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At the same time the industry regular scrutiny of energy companies prices showed increases in household prices despite a wholesale fall in costs.

The net margin for a typical standard tariff dual fuel customer rose by £30 in February 2010 from November.

However, this is less than Ofgem forecast last quarter, because one major supplier, British Gas, cut its gas prices by an average of 7%.

The power regulator made the announcements yesterday (February 22) and has launched a consultation into energy market liquidity.

Previously, in its energy supply market probe, Ofgem identified that liquidity – the ability of smaller firms to purchase a variety of deals to help them manage risk – in wholesale electricity markets was poor.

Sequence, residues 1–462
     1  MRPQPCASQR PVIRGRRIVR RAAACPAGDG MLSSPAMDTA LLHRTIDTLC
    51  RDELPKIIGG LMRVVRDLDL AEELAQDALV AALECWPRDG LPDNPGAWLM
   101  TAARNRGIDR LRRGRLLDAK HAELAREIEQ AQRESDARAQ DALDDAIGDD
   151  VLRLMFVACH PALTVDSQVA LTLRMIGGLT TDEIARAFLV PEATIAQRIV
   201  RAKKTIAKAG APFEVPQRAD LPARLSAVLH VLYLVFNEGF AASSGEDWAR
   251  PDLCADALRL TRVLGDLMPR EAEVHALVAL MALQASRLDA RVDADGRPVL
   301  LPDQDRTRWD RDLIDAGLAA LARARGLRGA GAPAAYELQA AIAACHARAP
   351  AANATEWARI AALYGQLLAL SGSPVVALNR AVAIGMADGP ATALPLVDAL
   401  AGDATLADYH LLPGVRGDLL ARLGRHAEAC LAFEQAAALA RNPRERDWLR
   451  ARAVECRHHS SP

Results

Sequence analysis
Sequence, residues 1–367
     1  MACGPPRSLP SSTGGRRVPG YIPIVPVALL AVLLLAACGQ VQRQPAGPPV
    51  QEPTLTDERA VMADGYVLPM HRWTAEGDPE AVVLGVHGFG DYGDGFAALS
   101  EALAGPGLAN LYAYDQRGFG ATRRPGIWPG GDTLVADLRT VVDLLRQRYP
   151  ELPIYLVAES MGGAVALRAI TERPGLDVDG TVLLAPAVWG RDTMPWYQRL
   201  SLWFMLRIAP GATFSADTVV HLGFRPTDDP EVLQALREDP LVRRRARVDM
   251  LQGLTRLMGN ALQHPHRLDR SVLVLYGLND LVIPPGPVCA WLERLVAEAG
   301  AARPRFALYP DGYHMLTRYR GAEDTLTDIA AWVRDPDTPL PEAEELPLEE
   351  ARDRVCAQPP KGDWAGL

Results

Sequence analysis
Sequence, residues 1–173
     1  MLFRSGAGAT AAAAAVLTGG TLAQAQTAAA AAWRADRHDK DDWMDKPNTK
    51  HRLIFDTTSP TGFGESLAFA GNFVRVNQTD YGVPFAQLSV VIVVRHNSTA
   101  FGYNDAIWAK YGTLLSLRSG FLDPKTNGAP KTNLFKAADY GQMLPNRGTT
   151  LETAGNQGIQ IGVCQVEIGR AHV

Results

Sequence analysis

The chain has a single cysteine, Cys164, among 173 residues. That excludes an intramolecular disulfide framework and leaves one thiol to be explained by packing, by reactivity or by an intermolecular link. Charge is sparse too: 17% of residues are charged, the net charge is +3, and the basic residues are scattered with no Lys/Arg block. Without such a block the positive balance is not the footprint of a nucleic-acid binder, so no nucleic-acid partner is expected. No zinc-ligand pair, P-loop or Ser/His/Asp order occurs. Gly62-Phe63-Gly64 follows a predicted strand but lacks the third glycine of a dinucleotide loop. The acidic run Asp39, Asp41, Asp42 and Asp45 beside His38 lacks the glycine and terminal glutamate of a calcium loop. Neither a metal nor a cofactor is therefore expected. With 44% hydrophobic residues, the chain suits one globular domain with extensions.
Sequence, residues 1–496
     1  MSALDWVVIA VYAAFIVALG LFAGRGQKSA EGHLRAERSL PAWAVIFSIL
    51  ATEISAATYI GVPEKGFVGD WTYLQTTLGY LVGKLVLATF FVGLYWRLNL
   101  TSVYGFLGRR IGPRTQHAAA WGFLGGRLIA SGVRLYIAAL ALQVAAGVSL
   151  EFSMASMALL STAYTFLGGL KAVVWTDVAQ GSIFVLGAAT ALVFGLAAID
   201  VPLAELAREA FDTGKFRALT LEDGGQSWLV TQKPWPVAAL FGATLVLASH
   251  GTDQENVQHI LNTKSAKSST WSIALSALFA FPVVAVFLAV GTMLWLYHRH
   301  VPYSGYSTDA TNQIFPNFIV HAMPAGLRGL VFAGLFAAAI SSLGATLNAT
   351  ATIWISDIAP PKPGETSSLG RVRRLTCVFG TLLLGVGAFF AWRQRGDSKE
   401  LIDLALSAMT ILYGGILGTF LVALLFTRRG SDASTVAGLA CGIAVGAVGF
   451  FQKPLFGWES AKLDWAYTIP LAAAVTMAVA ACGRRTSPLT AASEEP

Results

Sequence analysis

And therefore a major obstacle preventing new suppliers entering the market.

Ideally, for the watchdog new market-led initiatives, like the recent N2EX and the existing APX exchanges will deliver this extra liquidity and meet the needs of new independent suppliers.

However, Ofgem’s senior partner for markets, Andrew Wright, said: “Ofgem believes the lack of liquidity is a major reason for the lack of a strong competitive pressure from independent suppliers.

“We have put forward proposals for consultation with the industry to ensure that, if the market-led initiatives fail to deliver, we have reforms that are ready to be implemented.”

Luke Walsh

© Faversham House Ltd 2022 edie news articles may be copied or forwarded for individual use only. No other reproduction or distribution is permitted without prior written consent.

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